Hello everybody! I have exciting news: I now have 50 followers!
It has been just over a month since I revived my blog. It’s been an amazing journey so far, and I owe this journey to each and every supporter. Whether it be a view, like, comment, or follow, I really appreciate it. Thank you so much, to all of you!
On a side note, please do stay safe and I hope you are all well.
Hello everybody. I hope you’re safe and well during these times of unrest.
I was recently nominated for the Vincent Ehindero award by science_girrrrrl! A big thank you for her nomination, and do check out her blog for interesting posts to do with all things science. She is a great and informative blogger who writes with a unique style.
Thank the person that nominated you with a link to their blog.
Make a post of the award (with a photo).
Post the rules.
Ask 5-10 questions of your choice.
Nominate 10-30 other bloggers.
Follow Vincent Ehindero at vincentehindero.wordpress.com (to qualify for a free blog promotion and shoutout) and more blogging opportunities.
Answers to science_girrrrrl’s Questions:
What’s your favourite unrealistic eye colour? Turquoise eyes, by far. Honestly, I can’t put it into words. Take a look (pun unintended) at the image below, and you’ll see what I’m talking about.
Growing up, what was your favourite story? I have many! Even at a very young age, I was a total bookworm! There was nothing better than snuggling beneath the covers of my bed on a Winter’s day with a book to accompany me. If I had to choose one, it would be ‘Adventures in Puzzle World’, a book I received when I started pre-school. This was a collection of short stories that let my imagination know no bounds! In my mind, I was with each and every character as they trekked through caves, battled pirates, and hopped from planet to planet. I would even dress up, imagining myself going on these magnificent, death-defying adventures and emerging a hero. It was pure bliss to a seven-year-old like me!
Which song is currently stuck in your head? I know it’s been quite a while since it came out, but I can’t seem to get Dance Monkey (Tones And I) out of my head! The catchy tune and rhythmic beat seem to make an annoyingly brilliant combination!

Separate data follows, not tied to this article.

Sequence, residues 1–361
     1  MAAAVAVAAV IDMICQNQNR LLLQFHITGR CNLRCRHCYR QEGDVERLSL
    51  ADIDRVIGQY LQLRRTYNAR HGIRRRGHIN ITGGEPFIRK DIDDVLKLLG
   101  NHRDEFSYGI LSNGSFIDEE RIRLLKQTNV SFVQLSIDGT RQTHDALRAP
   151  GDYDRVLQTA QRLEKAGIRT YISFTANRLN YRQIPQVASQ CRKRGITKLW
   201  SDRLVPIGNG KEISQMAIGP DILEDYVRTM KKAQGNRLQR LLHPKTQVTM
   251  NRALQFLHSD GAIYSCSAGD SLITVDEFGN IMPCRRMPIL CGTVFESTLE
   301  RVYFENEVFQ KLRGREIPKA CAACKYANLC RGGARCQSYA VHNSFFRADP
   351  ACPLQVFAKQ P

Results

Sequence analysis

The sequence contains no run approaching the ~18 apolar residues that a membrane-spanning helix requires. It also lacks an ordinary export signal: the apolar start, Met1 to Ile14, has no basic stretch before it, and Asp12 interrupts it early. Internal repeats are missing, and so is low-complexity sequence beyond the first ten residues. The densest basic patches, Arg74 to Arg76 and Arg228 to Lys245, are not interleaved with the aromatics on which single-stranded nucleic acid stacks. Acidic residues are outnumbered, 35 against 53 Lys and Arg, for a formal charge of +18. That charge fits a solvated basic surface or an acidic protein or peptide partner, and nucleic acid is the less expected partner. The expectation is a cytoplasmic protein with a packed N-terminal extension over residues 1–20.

Which chore do you absolutely hate doing? The dishes. Does anything more need to be said?
If leaves were any different colour, which would you like them to be? Autumn is my favourite season, with all things coral orange, lemon yellow, and crimson red. Leaves do indeed have these hues, but only in the Autumn. It would be beautiful to see these colours on leaves all year round. Another interesting colour, perhaps, would be transparent…
If you had the chance to learn any language, minus the hard work, which would it be? One of the sign languages. It would be a welcome change to learn a language without speech, and generally interesting. Alternately, I would love to learn Hindi. As well as being a widely-spoken language, it would be great to have the ability to speak the main language of my country, India. I already speak Bengali, but Hindi would be useful to learn.
According to you, what was the last experience that made you a stronger person? In these troublesome times, it would be going into lockdown. Each dreary day of waking up with nothing to do or look forward to all day has taken its mental toll. The uncertainty, whether a cough is just a cough or an indication of disease, is haunting. The disconnection from friends and wider family leaves me helpless. Of course, this is among the least of the disease’s toll upon the world, with each death a tragedy. While it may be trivial to others, accepting the course this deadly disease could potentially take on my loved ones has mentally prepared me for the effects of Covid-19 to come. On this note, I hope you all stay safe and are able to avoid suffering from the coronavirus.
Do you believe in afterlives and reincarnation? As a Hindu, my religion dictates that reincarnation occurs after death, and the ‘afterlife’ is reached (God’s union with the atman/soul) after generating enough good karma. Enough of the RS lesson!
Let’s say you were doomed to speak only one word for an entire day. What word would it be? Help! I may not need to use the word ‘help’ during the day, but it would come in useful in an emergency.
What’s your favourite kind of workout? Any workout that doesn’t require me to do physical exercise! I’m much too lazy… Does a brain workout count?
sakshi ‘s poetry
Brothers Campfire/The Storyteller
Who is your role model, and why?
What are your hobbies?
What would you do with a million pounds/dollars?
What is one thing you would change about yourself?
I recently wrote a poem based on the transatlantic slave trade, which occurred from the 16th to 19th centuries. Since this is such a sensitive issue, I tried my best to capture the emotions of those enslaved in such horrific conditions. This is in honour of the enslaved Africans who suffered unjustly.
I recently went to the ‘Red Shoes’ ballet in the Birmingham Hippodrome, and here is a review I wrote:
On Thursday 13th of February 2020, L4th was thrilled to have the unmissable opportunity to venture to the Birmingham Hippodrome, to watch the famed ‘The Red Shoes’ ballet. Viewing a ballet would be a new experience for many, including myself, so it was with high hopes and effervescent manners that we anticipated the ballet.
The purpose of our trip to the Birmingham Hippodrome was to see for ourselves how music can assist in complementing the style, atmosphere, and mood of dance. This would be fitting with our current ‘Music for Dance’ topic, which we are studying in Music. Experiencing the ballet would help in identifying the features in music for each individual dance.